Michael you asked the same question back then on getting students to reply to DFQ and I mentioned it would be great to see what other students were replying with, now we can see that. You also mentioned you would occasionally email reply to the feedback given, so one of my goals was to try and get a response back from you which I did a couple of times, perhaps some occasional feedback on the feedback would be good. In the end the will to give daily feedback comes down to the end user, they have to want to change from cvs2bvs, I reply to all DFQ but sometimes my answers aren’t as insightful on every occasion but I at least write down something, that way it becomes more PRR for me.

  3. I can honestly say that I have been a slave to logic for all my life- it’s the only viewpoint I’ve known to take.

    Perhaps understand that PTO is not necessarily conducive to engagement for some, regardless of how relative it is.

  4. I think PRR will increase their training benefits.

    Formalities has been the only manner of doing things

  5. As my vocation is built on finding different solutions, I am not interested in being universally right, but in being right enough with as much flexibility as possible.

    What I have learnt from the lessons is to keep on questioning myself when I make decisions, am I trying to squeeze the best outcome from myself, or get the best outcome for as many people as I can.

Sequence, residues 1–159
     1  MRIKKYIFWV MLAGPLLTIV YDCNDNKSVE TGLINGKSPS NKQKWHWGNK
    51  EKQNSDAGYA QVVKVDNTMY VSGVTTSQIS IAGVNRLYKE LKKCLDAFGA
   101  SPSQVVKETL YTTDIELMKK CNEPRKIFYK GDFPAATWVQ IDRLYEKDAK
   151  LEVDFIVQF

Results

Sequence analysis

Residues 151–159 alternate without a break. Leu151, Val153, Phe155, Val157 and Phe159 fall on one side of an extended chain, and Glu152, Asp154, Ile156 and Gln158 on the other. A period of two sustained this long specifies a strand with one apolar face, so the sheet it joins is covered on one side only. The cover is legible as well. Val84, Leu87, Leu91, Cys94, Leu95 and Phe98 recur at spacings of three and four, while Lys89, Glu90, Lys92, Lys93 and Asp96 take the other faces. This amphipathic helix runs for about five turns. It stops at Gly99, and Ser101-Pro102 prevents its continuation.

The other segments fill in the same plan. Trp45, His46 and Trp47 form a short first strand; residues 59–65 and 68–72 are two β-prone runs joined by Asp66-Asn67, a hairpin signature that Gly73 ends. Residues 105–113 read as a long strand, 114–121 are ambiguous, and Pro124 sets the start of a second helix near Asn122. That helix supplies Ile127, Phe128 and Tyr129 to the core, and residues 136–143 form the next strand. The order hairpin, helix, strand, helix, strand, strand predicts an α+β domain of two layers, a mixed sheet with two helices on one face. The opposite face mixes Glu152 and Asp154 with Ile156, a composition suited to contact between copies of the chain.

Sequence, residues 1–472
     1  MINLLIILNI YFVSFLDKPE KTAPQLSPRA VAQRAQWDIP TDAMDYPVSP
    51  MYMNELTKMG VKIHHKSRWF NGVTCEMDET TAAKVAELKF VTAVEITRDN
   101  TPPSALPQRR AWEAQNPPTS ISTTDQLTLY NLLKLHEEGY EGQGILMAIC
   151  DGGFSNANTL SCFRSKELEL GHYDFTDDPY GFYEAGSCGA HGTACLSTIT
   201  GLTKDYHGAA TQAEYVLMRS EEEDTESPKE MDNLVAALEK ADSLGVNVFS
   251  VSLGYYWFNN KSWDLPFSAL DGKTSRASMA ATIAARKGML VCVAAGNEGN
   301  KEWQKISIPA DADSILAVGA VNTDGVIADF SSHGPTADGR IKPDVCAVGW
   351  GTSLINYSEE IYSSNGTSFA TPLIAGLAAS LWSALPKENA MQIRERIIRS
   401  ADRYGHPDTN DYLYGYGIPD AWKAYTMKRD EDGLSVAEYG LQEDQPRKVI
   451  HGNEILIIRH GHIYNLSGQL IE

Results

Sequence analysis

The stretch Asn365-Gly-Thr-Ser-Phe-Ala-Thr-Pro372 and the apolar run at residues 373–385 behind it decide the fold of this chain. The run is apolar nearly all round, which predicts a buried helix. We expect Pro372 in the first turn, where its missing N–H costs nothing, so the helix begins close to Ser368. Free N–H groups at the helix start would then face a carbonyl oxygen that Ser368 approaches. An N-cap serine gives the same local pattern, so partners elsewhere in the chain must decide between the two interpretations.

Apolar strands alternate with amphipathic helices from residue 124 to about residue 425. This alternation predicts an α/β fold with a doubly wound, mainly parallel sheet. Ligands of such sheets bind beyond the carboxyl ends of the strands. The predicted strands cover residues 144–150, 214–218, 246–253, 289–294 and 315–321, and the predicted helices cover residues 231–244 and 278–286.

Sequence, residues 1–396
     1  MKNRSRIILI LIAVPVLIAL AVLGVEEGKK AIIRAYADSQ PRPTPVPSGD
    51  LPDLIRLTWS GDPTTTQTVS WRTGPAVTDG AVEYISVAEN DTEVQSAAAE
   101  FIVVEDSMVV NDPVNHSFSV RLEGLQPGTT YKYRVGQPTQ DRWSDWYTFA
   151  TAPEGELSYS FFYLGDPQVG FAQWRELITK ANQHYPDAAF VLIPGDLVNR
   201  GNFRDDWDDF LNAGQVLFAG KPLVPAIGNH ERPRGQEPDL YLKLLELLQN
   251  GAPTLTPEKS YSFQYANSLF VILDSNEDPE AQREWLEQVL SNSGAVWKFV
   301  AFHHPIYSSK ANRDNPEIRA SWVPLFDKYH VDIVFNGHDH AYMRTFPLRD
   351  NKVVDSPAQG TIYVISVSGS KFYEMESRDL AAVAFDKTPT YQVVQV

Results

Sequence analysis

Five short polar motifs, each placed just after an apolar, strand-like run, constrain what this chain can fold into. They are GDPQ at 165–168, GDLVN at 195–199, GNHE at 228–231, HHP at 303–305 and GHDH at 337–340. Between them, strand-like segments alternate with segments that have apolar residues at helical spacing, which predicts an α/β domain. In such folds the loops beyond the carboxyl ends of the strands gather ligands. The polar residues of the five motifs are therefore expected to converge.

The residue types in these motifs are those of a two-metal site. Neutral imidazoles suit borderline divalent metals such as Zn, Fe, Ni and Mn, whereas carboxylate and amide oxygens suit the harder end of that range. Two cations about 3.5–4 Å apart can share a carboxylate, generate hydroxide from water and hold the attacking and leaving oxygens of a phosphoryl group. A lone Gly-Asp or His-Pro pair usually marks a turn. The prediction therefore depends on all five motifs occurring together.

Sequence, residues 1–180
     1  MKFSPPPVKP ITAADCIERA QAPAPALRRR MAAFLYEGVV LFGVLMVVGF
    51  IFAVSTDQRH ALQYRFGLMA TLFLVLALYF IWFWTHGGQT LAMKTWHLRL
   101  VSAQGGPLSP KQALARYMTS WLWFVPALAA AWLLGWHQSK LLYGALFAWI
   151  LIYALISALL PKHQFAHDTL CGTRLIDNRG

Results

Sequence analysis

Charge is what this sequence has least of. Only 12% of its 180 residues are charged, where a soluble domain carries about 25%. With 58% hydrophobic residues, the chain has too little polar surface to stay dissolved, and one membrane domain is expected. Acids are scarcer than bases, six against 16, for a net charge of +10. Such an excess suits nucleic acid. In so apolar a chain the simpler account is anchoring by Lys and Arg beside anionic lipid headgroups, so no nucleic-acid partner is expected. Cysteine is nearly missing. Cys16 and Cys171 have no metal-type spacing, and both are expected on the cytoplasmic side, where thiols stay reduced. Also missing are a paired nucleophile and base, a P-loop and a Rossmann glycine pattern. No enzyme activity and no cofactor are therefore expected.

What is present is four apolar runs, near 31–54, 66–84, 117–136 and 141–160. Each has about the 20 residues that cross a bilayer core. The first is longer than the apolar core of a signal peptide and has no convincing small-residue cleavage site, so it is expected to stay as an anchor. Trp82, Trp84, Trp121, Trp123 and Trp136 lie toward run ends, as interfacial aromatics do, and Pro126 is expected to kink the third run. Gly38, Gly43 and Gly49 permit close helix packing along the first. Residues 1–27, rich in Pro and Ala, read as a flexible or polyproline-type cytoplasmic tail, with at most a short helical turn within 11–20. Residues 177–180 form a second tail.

I have found reading the history lessons very interesting.

  6. I was brought up to always try to solve problems and look for different ways to do this as the first way might not always be the best. Secondary school was always about the right answer but I enjoyed religious studies as that was a time open discussion was expected and while we were lead to believe there was a right answer, we all knew that to be incorrect. This was openly admitted when we court up with some of these teachers later in life.

  7. I try to give the right answer ,or at least I try to give the answer that the system wants; this happen in school every day and kills creativity, sir ken robinson is very strong about this point and explains how we need to change education paradigm

  8. I don’t find ways that I have been influenced with the Plato virus for which I am most grateful.

    How to increasing number of DFQs answered?
    My plan is to read the lesson ideas and then move away to listen and be open. Later in the day, or the next day, I read the information again,and even more times, if need be, until ideas have come to thought. Then I answer on a word document and allow editing before I copy and paste onto the FEEDBACK section.

  9. Michael, could you some how graph the results of the number of DFQ’s against the partispants in SOT to give a graphic to encourage future trainees? I am one of those people who are stimulated by visual information. I find it beneficial to see the coronation of data between cause and effect and results of participation. I know people who opted out of your early training, and I’m not surprised they did so because of their closed mindedness and inability to move to a BVS even for a moment, to see the benefits of completing x10 only. Personally I have noticed I have become more creative in general and my thirst for knowledge has blossomed. I want more for myself and my family, not just coasting along and accepting my Plato logical training lifestyle to be all there is in life. My mind is busily looking for better ways to achieve better results and seeking opportunities for the future. Watch this space…